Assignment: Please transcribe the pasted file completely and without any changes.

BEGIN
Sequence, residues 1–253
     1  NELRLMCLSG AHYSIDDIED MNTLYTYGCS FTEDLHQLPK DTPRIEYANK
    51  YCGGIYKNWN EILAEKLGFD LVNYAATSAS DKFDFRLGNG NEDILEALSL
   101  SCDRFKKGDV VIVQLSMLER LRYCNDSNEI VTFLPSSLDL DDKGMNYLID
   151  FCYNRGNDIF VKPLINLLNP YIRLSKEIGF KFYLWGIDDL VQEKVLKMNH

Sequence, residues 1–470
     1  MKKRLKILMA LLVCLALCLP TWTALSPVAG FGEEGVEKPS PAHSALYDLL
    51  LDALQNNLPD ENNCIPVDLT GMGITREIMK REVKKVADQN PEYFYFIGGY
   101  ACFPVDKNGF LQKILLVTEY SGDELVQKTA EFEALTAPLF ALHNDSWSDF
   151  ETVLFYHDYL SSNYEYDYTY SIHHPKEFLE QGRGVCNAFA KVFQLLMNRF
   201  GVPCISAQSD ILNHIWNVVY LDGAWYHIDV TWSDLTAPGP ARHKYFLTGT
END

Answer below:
Sequence, residues 1–253
     1  NELRLMCLSG AHYSIDDIED MNTLYTYGCS FTEDLHQLPK DTPRIEYANK
    51  YCGGIYKNWN EILAEKLGFD LVNYAATSAS DKFDFRLGNG NEDILEALSL
   101  SCDRFKKGDV VIVQLSMLER LRYCNDSNEI VTFLPSSLDL DDKGMNYLID
   151  FCYNRGNDIF VKPLINLLNP YIRLSKEIGF KFYLWGIDDL VQEKVLKMNH

Sequence, residues 1–470
     1  MKKRLKILMA LLVCLALCLP TWTALSPVAG FGEEGVEKPS PAHSALYDLL
    51  LDALQNNLPD ENNCIPVDLT GMGITREIMK REVKKVADQN PEYFYFIGGY
   101  ACFPVDKNGF LQKILLVTEY SGDELVQKTA EFEALTAPLF ALHNDSWSDF
   151  ETVLFYHDYL SSNYEYDYTY SIHHPKEFLE QGRGVCNAFA KVFQLLMNRF
   201  GVPCISAQSD ILNHIWNVVY LDGAWYHIDV TWSDLTAPGP ARHKYFLTGT